As for her future residence, it would be a matter of indifference to her where she should live, so long as she might live with him; but for him she felt that but one spot in the world was fit for him. He was Belton of Belton, and it would not be becoming that he should live elsewhere. Of course she would go with him to Plaistow Hall as often as he might wish it; but Belton Castle should be his permanent resting-place. It would be her duty to be proud for him, and therefore, for his sake, she would beg that their home might be in Somersetshire.
‘Mary,’ she said to her cousin soon afterwards, ‘Will sends his love to you.’
‘And what else does he say?’
‘I couldn’t tell you everything. You shouldn’t expect it.’
‘I don’t expect it; but perhaps there may be something to be told.’
‘Nothing that I need tell specially. You, who know him so well, can imagine what he would say.’
‘Dear Will! I am sure he would mean to write what was pleasant.’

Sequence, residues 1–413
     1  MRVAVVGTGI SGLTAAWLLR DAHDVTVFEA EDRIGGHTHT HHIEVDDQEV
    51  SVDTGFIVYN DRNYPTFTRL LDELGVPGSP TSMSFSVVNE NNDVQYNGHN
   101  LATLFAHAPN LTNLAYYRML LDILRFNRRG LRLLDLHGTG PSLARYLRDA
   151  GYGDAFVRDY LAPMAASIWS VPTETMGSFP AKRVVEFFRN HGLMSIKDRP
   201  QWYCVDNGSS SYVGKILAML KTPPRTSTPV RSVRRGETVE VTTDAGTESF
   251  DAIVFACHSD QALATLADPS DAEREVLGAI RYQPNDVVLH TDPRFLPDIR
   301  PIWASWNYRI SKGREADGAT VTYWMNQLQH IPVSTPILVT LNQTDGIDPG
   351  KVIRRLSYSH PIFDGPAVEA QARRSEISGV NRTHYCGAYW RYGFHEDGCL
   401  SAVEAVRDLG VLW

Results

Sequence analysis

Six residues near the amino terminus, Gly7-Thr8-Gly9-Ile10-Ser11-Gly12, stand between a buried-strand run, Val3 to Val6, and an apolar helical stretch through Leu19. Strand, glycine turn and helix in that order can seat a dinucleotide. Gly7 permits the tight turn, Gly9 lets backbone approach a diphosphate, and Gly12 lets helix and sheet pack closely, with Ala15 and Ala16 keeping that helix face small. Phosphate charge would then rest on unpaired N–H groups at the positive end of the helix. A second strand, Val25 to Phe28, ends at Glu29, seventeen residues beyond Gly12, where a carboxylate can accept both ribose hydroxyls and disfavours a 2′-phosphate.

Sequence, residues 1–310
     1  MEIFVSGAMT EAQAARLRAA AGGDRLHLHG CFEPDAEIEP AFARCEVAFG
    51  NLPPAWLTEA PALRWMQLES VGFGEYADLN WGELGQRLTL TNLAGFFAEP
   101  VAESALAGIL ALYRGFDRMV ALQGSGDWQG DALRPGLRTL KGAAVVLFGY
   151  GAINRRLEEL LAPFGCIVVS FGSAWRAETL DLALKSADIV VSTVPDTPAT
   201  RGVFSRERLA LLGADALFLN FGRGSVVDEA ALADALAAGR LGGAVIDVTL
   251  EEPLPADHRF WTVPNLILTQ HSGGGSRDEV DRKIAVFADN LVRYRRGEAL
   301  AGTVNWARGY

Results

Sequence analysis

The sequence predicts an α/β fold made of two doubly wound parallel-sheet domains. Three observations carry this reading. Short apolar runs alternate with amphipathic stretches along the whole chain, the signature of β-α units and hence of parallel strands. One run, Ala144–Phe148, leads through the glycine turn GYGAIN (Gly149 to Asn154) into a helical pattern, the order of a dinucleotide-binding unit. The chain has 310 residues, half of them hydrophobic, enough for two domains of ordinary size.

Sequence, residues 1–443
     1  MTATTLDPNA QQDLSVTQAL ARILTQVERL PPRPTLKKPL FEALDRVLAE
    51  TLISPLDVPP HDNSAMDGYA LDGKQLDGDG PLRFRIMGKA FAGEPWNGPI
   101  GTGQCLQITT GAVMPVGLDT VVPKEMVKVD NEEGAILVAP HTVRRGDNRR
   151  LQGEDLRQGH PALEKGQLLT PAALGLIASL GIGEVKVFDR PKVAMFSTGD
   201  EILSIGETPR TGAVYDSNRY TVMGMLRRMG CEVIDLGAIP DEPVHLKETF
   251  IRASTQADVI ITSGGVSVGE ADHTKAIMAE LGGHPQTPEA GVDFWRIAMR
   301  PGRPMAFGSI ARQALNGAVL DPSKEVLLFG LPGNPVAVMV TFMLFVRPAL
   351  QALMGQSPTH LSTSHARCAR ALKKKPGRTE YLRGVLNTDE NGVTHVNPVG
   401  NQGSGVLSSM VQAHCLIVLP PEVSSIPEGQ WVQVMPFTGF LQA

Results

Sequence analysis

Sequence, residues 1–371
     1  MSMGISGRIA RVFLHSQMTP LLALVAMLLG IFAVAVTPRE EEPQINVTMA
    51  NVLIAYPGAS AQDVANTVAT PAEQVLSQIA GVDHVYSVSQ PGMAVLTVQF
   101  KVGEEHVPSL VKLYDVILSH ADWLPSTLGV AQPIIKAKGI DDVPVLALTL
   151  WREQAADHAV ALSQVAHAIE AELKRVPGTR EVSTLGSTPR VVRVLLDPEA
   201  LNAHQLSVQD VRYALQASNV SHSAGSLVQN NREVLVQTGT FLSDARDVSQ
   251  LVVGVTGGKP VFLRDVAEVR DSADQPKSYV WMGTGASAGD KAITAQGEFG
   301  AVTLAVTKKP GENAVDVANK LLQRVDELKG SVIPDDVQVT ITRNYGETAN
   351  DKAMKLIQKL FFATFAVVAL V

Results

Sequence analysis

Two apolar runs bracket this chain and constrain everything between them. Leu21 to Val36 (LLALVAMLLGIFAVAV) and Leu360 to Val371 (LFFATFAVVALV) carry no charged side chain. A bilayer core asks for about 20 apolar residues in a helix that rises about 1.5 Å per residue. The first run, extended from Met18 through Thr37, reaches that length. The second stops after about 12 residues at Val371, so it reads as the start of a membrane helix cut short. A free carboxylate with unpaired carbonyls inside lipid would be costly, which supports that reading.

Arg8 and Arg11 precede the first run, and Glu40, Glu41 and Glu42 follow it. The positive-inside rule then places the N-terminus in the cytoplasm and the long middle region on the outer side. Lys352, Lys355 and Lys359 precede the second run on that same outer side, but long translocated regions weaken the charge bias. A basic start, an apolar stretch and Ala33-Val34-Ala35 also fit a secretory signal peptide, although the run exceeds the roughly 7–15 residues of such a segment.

Then the matter would have dropped had Clara been so minded but she, in truth, was anxious to be forced to talk about the letter. She wished to be urged by Mary to do that which Will urged her to do or, at least, to learn whether Mary thought that her brother’s wish might be gratified without impropriety. ‘Don’t you think we ought to live here?’ she said.
‘By all means if you both like it.’
‘He is so good so unselfish, that he will only ask me to do what I like best.’
‘And which would you like best?’
‘I think he ought to live here because it is the old family property. I confess that the name goes for something with me. He says that he would build a new house.’
‘Does he think he could have it ready by the time you are married?’
‘Ah that is just the difficulty. Perhaps, after all, you had better read his letter. I don’t know why I should not show it to you. It will only tell you what you know already that he is the most generous fellow in all the world.’ Then Mary read the letter. ‘What am I to say to him?’ Clara asked. ‘It seems so hard to refuse anything to one who is so true, and good, and generous.’